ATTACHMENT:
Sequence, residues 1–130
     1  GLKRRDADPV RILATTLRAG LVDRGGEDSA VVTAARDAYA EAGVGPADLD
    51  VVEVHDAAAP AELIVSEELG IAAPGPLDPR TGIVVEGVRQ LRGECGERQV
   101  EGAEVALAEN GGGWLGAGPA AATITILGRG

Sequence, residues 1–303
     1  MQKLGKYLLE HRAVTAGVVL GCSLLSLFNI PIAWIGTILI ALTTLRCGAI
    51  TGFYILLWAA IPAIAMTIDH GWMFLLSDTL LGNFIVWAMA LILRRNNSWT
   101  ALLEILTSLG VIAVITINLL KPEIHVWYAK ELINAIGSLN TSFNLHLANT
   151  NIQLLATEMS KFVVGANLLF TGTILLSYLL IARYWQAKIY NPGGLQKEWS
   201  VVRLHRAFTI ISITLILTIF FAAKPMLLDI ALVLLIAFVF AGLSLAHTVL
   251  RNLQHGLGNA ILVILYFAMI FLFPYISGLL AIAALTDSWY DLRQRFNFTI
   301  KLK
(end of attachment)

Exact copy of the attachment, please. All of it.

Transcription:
Sequence, residues 1–130
     1  GLKRRDADPV RILATTLRAG LVDRGGEDSA VVTAARDAYA EAGVGPADLD
    51  VVEVHDAAAP AELIVSEELG IAAPGPLDPR TGIVVEGVRQ LRGECGERQV
   101  EGAEVALAEN GGGWLGAGPA AATITILGRG

Sequence, residues 1–303
     1  MQKLGKYLLE HRAVTAGVVL GCSLLSLFNI PIAWIGTILI ALTTLRCGAI
    51  TGFYILLWAA IPAIAMTIDH GWMFLLSDTL LGNFIVWAMA LILRRNNSWT
   101  ALLEILTSLG VIAVITINLL KPEIHVWYAK ELINAIGSLN TSFNLHLANT
   151  NIQLLATEMS KFVVGANLLF TGTILLSYLL IARYWQAKIY NPGGLQKEWS
   201  VVRLHRAFTI ISITLILTIF FAAKPMLLDI ALVLLIAFVF AGLSLAHTVL
   251  RNLQHGLGNA ILVILYFAMI FLFPYISGLL AIAALTDSWY DLRQRFNFTI
   301  KLK